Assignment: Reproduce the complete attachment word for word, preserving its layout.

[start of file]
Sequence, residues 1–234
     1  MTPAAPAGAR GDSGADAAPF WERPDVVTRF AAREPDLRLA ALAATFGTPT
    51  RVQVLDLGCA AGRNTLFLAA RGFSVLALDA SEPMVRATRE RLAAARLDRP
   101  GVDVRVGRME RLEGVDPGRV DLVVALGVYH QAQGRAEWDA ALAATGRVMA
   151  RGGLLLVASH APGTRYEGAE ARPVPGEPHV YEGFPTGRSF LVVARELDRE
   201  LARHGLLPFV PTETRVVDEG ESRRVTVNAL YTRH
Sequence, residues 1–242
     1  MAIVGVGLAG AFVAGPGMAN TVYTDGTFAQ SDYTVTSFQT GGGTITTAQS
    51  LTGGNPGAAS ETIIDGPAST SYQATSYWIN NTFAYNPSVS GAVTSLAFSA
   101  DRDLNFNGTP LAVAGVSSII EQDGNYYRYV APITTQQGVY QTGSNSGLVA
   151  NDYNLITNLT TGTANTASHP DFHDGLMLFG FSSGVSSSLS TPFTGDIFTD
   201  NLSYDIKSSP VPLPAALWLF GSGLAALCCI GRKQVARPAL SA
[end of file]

Sequence, residues 1–234
     1  MTPAAPAGAR GDSGADAAPF WERPDVVTRF AAREPDLRLA ALAATFGTPT
    51  RVQVLDLGCA AGRNTLFLAA RGFSVLALDA SEPMVRATRE RLAAARLDRP
   101  GVDVRVGRME RLEGVDPGRV DLVVALGVYH QAQGRAEWDA ALAATGRVMA
   151  RGGLLLVASH APGTRYEGAE ARPVPGEPHV YEGFPTGRSF LVVARELDRE
   201  LARHGLLPFV PTETRVVDEG ESRRVTVNAL YTRH
Sequence, residues 1–242
     1  MAIVGVGLAG AFVAGPGMAN TVYTDGTFAQ SDYTVTSFQT GGGTITTAQS
    51  LTGGNPGAAS ETIIDGPAST SYQATSYWIN NTFAYNPSVS GAVTSLAFSA
   101  DRDLNFNGTP LAVAGVSSII EQDGNYYRYV APITTQQGVY QTGSNSGLVA
   151  NDYNLITNLT TGTANTASHP DFHDGLMLFG FSSGVSSSLS TPFTGDIFTD
   201  NLSYDIKSSP VPLPAALWLF GSGLAALCCI GRKQVARPAL SA